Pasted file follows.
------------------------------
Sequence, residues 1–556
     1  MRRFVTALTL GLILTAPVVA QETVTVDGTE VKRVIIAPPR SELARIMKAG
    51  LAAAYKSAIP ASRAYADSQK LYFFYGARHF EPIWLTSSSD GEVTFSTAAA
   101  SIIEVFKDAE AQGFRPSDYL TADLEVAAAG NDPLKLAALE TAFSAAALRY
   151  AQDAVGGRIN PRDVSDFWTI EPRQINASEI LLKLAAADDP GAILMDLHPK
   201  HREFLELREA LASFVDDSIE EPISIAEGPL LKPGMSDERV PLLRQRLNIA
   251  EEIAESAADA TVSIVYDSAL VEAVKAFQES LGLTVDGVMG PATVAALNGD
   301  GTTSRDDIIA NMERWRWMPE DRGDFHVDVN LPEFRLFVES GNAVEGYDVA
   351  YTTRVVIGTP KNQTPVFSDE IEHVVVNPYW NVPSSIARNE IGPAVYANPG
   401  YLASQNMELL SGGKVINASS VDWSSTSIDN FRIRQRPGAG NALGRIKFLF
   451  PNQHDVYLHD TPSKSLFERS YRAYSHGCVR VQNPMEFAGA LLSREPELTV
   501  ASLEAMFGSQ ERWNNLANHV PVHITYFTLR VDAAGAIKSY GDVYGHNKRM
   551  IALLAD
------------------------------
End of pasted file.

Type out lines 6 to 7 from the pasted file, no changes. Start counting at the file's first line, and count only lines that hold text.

   201  HREFLELREA LASFVDDSIE EPISIAEGPL LKPGMSDERV PLLRQRLNIA
   251  EEIAESAADA TVSIVYDSAL VEAVKAFQES LGLTVDGVMG PATVAALNGD